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Toolkit:Systems Thinking for Safety/System Focus

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Summary

Safety must be considered in the context of the overall system, not isolated individuals, parts, events or outcomes

Most problems and most possibilities for improvement belong to the system. Seek to understand the system holistically, and consider interactions between elements of the system

System Focus
"In a system, everything is connected to something; nothing is completely independent." Image: NATS Press Office CC BY-NC-ND 2.0

When one spends any time in an organisation, it is clear that nothing works in isolation. Rather, things work within connected and interacting systems. In a tower and approach unit, for instance, controllers, assistants, engineers, supervisors, managers, and support staff routinely interact with each other and with others such as pilots, drivers and airport staff. People interact with various types of equipment, with much information, and with many procedures. The same applies in an area control operations room, in an equipment room, in an administrative centre, or in a boardroom. In a system, everything is connected to something; nothing is completely independent.

These connections and interactions, along with a purpose, characterise a system. More formally, a system can be described as "a set of elements or parts that is coherently organized and interconnected in a pattern or structure that produces a characteristic set of behaviours, often classified as its 'function' or 'purpose'"[1]. In service organisations, this purpose must be understood from the customer's viewpoint. This means that the customer and their needs must be understood. System performance can then be evaluated against achievement of purpose.

In practice, what constitutes a system is relative, because the boundaries of systems are not fixed and are often unclear; essentially, they are where we choose to draw them for a purpose (e.g. safety investigation, system assessment, design), and people and information cross system boundaries. There are, therefore, multiple perspectives on a system and its boundary, and sometimes its purpose. In a sense, a 'system' is a social construct defined by what it does, not a thing 'out there' that is defined by what it is.

We might think about systems at various levels. Operationally, we may consider the working position or sector. At a higher level we may consider an Ops room, a centre, an organisation, airspace or the aviation system. Systems exist within other systems, and exist within and across organisational boundaries.

While some system components are more visible, others are less visible to the observer. Less visible parts of the system include organisational elements (such as goals, rosters, incentives, rules), and political and economic elements (such as pressures relating to runway occupancy, noise abatement, and performance targets). Again, these interact to form a complex whole.

Despite these interactions, the way that we try to understand and manage socio-technical system performance is often on a component level (a person, a piece of equipment, a unit, a department, etc). A focus on component performance is common in many standard organisational practices. At an individual level, it includes incident investigations that focus only on the controller's performance, behavioural safety schemes that observe individual compliance with rules, individual performance reviews, incentive schemes, etc. The assumption is that if the person would try harder, pay closer attention, do exactly what was prescribed, then things would go well. However, as the management thinker W. Edwards Deming observed, "It is a mistake to assume that if everybody does his job, it will be all right. The whole system may be in trouble"[2]. Organisational theorist Russel Ackoff added that "it is possible to improve the performance of each part or aspect of a system taken separately and simultaneously reduce the performance of the whole" (p. 36) [3]. A focus on components becomes less effective with increasing system complexity and interactivity.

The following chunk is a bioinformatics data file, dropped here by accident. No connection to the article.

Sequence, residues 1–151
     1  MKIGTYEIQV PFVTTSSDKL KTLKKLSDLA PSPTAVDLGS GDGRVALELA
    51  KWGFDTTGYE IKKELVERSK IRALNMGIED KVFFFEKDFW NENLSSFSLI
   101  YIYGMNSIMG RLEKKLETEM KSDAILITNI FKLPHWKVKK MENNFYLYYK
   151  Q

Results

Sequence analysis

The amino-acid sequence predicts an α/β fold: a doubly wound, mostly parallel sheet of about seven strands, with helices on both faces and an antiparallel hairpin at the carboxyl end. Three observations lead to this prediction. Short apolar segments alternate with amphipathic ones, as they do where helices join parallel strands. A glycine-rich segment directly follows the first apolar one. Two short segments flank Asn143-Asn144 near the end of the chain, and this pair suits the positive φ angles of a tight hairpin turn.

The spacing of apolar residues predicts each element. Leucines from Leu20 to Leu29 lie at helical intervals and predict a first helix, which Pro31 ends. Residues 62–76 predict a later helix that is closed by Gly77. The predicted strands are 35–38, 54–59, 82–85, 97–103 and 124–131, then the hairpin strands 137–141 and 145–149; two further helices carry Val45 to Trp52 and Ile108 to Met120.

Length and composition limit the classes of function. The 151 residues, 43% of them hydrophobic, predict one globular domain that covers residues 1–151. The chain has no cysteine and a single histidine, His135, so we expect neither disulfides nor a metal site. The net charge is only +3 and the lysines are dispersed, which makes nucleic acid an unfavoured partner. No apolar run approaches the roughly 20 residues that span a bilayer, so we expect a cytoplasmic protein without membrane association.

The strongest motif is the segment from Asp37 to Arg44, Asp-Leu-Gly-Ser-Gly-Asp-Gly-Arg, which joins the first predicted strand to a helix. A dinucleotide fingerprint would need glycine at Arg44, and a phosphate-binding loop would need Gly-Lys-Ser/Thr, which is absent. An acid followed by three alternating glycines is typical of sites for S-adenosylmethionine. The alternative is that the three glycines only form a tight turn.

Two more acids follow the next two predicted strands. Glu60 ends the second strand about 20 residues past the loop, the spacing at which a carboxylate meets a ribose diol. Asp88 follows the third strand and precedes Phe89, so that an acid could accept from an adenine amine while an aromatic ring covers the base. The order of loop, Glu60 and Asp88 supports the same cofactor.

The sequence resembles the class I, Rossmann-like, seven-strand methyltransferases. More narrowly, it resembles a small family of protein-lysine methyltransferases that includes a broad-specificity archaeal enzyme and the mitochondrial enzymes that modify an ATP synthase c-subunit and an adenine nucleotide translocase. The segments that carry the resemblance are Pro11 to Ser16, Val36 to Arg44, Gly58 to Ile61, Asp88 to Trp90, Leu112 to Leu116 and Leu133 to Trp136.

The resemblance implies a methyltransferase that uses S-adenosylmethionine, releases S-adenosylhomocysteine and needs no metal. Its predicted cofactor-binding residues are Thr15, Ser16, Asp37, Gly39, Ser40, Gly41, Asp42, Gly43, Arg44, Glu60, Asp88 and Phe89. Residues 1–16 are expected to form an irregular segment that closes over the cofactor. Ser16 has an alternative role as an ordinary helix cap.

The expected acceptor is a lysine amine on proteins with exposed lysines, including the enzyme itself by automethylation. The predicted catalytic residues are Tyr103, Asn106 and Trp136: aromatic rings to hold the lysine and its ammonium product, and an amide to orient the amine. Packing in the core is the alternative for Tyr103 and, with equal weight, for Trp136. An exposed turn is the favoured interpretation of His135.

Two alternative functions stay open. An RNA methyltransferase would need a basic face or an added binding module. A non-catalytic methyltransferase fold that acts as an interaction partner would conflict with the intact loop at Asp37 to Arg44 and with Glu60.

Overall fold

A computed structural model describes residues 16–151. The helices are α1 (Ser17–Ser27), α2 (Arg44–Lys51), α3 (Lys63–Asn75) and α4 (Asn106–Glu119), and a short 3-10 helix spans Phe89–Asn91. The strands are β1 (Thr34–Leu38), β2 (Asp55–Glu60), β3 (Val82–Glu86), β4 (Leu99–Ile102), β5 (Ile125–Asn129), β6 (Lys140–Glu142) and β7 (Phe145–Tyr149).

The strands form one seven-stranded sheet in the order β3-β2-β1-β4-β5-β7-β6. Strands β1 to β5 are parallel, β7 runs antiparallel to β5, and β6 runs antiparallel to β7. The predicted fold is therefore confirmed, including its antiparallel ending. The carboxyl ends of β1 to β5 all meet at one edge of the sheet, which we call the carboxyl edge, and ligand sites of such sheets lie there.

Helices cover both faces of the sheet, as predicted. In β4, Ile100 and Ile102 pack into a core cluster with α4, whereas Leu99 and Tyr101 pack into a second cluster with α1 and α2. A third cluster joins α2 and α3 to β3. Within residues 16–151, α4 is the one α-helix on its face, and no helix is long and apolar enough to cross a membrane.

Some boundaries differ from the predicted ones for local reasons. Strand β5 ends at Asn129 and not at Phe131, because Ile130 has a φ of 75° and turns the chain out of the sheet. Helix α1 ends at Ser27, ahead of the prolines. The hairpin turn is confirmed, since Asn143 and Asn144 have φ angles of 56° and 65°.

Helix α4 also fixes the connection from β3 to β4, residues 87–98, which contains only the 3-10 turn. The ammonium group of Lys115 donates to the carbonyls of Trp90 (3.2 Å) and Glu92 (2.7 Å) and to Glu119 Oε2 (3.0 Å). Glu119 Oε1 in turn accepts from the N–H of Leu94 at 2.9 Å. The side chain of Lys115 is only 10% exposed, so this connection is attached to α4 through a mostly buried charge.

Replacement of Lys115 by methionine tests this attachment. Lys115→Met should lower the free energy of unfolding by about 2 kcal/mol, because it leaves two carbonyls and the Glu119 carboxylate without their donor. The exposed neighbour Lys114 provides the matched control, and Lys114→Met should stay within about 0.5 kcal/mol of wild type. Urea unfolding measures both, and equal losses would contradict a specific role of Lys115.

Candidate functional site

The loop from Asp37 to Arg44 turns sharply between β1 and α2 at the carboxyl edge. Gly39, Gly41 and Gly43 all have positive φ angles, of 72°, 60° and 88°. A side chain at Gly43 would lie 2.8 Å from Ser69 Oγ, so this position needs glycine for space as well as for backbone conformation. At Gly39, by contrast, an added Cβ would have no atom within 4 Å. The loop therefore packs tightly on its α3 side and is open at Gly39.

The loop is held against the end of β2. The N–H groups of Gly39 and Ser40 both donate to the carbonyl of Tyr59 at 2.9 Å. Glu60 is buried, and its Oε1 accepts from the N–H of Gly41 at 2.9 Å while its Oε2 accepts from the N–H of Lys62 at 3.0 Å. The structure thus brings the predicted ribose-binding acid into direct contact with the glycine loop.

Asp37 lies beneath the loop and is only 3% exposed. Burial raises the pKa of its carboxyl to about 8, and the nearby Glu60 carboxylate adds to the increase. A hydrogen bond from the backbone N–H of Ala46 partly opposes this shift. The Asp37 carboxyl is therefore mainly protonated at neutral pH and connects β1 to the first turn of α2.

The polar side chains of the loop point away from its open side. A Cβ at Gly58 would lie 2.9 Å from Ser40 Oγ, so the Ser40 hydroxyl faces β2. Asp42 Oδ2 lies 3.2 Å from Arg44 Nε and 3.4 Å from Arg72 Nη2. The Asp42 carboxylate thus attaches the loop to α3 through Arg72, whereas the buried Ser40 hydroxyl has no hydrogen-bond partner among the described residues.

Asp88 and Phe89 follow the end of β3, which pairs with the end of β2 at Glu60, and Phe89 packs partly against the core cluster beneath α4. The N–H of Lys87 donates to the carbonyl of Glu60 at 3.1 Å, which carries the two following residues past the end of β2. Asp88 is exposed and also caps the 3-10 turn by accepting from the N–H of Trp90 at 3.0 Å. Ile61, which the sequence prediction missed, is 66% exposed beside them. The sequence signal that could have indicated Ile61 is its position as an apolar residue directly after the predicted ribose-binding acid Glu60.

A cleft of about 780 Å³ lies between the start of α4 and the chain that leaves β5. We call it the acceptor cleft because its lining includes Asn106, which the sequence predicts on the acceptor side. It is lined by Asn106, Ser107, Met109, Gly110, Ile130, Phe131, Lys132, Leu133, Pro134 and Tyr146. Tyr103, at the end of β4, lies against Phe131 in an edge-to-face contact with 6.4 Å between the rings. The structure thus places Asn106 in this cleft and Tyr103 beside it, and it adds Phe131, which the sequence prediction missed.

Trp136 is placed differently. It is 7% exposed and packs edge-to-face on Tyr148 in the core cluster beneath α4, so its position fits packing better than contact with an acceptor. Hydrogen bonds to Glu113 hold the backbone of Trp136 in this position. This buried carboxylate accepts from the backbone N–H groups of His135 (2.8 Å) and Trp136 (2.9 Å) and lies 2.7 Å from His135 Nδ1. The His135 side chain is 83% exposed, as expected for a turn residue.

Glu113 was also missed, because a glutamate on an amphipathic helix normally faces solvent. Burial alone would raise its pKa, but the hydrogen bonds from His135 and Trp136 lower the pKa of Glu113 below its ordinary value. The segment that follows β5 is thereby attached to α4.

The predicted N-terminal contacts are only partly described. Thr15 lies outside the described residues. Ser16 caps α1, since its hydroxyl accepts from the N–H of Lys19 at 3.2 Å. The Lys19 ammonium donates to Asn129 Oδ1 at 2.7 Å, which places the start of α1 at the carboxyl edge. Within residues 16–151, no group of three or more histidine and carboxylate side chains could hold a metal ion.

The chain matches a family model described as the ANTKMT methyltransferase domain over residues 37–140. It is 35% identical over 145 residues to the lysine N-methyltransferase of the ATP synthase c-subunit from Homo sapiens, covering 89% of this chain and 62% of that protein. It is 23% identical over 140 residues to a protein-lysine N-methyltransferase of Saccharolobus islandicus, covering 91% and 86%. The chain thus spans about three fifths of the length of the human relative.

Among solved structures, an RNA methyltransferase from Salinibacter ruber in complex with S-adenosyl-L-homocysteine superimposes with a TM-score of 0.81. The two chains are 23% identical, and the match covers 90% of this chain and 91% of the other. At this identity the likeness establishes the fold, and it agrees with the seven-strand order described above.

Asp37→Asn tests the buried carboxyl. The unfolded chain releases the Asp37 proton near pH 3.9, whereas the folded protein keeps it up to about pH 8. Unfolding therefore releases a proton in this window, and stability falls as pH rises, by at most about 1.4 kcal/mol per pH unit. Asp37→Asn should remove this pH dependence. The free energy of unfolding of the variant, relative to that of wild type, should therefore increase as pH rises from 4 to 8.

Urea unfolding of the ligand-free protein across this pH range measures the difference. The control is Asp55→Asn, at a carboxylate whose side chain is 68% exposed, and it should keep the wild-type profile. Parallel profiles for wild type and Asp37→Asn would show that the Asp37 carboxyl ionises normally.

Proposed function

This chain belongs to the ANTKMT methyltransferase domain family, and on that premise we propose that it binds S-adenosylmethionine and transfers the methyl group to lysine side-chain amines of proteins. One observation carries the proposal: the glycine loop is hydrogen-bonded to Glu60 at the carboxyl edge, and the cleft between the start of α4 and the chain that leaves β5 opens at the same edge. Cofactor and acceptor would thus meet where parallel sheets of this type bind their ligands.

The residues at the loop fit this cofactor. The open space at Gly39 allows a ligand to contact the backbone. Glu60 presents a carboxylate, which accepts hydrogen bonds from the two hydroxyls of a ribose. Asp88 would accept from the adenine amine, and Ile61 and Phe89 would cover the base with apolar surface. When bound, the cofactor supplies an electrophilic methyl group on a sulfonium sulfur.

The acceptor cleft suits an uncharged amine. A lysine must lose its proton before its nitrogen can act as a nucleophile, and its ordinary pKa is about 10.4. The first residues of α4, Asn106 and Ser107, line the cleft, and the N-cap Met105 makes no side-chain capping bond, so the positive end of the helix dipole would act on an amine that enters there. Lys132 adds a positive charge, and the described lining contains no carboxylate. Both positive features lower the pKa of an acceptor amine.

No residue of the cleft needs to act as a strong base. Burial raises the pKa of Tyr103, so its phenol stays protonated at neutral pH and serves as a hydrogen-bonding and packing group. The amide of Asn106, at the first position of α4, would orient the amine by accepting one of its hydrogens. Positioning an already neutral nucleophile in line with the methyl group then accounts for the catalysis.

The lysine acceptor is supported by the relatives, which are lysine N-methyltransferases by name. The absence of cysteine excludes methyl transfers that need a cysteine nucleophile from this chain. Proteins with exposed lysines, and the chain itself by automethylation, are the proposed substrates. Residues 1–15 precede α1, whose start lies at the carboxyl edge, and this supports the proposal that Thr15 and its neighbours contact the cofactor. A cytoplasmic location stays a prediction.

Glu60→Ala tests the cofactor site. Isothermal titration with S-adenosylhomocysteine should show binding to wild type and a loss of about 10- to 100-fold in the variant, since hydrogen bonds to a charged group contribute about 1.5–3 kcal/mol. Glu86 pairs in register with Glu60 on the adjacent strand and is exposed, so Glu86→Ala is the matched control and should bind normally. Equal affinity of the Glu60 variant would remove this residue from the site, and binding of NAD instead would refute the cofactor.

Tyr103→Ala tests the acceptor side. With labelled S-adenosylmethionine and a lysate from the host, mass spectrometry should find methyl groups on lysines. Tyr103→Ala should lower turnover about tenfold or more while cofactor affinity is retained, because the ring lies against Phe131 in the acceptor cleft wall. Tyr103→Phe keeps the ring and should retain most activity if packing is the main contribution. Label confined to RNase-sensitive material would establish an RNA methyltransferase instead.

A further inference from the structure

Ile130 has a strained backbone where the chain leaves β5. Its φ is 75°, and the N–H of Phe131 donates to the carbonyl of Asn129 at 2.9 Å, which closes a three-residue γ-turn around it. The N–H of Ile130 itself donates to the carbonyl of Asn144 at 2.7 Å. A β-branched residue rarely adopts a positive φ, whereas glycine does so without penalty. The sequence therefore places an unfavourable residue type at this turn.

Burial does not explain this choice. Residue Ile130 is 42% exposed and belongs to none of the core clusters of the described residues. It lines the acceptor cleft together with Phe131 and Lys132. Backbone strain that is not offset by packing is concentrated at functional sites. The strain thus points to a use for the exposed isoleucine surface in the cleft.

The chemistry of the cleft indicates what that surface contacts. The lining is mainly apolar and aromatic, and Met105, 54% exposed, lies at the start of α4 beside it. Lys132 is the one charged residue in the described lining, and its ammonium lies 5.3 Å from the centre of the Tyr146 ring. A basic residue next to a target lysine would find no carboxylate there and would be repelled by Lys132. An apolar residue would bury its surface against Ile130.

The term 'complex system' is often used in aviation (and other industries), and it is important to consider what is meant by this. According to Snowden and Boone[4], complex systems involve large numbers of interacting elements and are typically highly dynamic and constantly changing with changes in conditions. Their cause-effect relations are non-linear; small changes can produce disproportionately large effects. Effects usually have multiple causes, though causes may not be traceable and are socially constructed. In a complex system, the whole is greater than the sum of its parts and system behaviour emerges from a collection of circumstances and interactions. Complex systems also have a history and have evolved irreversibly over time with the environment. They may appear to be ordered and tractable when looking back with hindsight. In fact, they are increasingly unordered and intractable. It is therefore difficult or impossible to decompose complex systems objectively, to predict exactly how they will work with confidence, or to prescribe what should be done in detail.